Physical Therapists

This article acts as an extensive career guide that elaborates on the career path of physical therapist, the job outlook, salaries, qualifications required and much more.

Updated by Rakshitha.N on 1st October 2020

What do they do: Physical therapists are experienced professionals who work as a part of a healthcare team to help patients with their physical concerns such as illness, injuries, sprains, fractures, chronic diseases through the development of fitness routines and programs. They also help patients manage their concerns by educating and relieving pain post surgeries. 

Working environment: Physical therapists usually work indoors and in a number of settings such as private offices, clinics, hospitals, patients’ homes, and nursing homes to treat patients dealing with a number of physical concerns. They work 40 hours per week schedule, may also work during holidays and weekends. 

How to become: To become a Physical therapist, one must complete an undergraduate degree and pursue the Doctor of Physical Therapy (DPT) degree from an accredited college. You could advance your career through specializations, certification, and also gaining experience in the fieldwork. Also, one important requirement is to gain a license and become state-approved by cleaning a specified exam. 

Salary offered: The median salary offered to physical therapists in 2020 is about $88,110 and typically ranges between $81,172 and $95,604 annually.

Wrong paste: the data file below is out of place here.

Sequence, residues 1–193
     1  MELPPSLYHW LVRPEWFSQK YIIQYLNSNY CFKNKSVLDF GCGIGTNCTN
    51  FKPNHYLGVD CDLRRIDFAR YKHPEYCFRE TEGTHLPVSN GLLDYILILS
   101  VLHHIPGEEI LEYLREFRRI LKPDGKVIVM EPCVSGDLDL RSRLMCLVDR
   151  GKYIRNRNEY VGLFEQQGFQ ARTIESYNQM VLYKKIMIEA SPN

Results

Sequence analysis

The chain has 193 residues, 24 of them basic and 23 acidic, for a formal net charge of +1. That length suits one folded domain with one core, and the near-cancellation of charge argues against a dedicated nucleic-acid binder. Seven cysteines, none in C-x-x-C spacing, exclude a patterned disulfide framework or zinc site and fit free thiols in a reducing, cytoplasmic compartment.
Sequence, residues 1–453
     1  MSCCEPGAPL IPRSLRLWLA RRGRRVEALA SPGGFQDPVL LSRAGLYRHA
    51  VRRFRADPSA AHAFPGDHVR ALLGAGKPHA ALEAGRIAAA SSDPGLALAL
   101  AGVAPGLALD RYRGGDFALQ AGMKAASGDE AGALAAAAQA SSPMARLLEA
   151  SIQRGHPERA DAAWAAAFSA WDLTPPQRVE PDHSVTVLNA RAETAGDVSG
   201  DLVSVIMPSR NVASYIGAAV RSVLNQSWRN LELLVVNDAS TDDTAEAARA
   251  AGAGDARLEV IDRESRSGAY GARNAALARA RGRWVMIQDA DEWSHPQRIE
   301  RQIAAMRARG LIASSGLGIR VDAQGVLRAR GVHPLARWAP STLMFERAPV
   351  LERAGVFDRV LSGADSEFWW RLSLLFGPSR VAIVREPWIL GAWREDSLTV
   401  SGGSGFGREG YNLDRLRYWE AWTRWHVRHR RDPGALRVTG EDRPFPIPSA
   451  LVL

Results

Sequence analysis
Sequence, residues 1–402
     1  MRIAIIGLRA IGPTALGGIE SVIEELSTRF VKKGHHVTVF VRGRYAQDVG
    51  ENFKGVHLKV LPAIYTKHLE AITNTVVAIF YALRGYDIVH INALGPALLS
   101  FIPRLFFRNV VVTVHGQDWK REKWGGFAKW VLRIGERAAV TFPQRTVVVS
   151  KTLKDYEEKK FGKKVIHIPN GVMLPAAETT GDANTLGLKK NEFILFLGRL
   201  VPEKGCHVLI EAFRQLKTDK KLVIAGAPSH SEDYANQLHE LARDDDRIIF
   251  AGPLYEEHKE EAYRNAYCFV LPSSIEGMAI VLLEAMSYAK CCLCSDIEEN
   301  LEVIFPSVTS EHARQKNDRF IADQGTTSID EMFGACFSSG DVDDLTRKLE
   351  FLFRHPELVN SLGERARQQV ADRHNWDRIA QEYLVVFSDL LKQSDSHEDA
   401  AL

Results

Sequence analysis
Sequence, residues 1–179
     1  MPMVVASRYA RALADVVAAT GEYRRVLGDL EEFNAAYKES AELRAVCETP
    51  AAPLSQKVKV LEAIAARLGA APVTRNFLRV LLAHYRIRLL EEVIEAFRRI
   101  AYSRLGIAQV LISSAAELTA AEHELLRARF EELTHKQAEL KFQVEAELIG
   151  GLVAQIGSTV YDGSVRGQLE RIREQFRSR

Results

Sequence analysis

Career Outlook: The job growth of physical therapists as projected by the BLS is about 22 percent during the period of 2018 to 2028. The aging population, need for an accelerated recovery phase and awareness of health have increased demand for physical therapists. 

Top Physical Therapist Jobs

Physical therapist- Sports medicine: $78,387

Physical therapists who specialize in sports medicine help athletes to recover and treat them to prevent injuries and improve performance through suitable treatment plans and therapists. 

Physical therapist- Home health: $82,500

Physical therapists specialized in home health are concerned with patients who have issues with chronic diseases such as Heart Failure and COPD. They are also responsible for patient's mobility, lifestyle changes, monitor symptoms, and interventions to help avoid unnecessary trips to the emergency room.

Physical therapist manager: $93,750

Physical therapist managers are responsible for coordinating, training, and directing other therapists on the treatment plans developed for specific patients. Also they oversee the functions and conduct a number of programs of activity therapy. To get a manager's position, you require an application of the Professional Managerial Position Evaluation System.

What Do Physical Therapists Do?

Physical therapists are trained professionals who help their patients to overcome patient’s injuries, illness regarding their movement and management of pain. They work closely with patients and are also responsible for accelerating the recovery phase of the patient's post surgeries, disease attack and other chronic diseases. They play a major role in rehabilitation centers, clinics, hospitals and offices. The duties also include,

  • Examining the patient’s medical history and other references by doctors, physicians, surgeons, or other healthcare workers about the treatment plans.

  • Work closely with patients and understand their issues concerning them 

  • Observe the patient’s movements and diagnose the patients' functions to determine the problem

  • Develop a customized treatment plan taking note of the patient issues, goals and the expected outcomes of the plans

  • Demonstrate the right methods of performing exercises to improve health and prevent pain or injury

  • Incorporate the exercises, therapies, stretching maneuvers and use of right equipment to help them increase their mobility and relieve pain.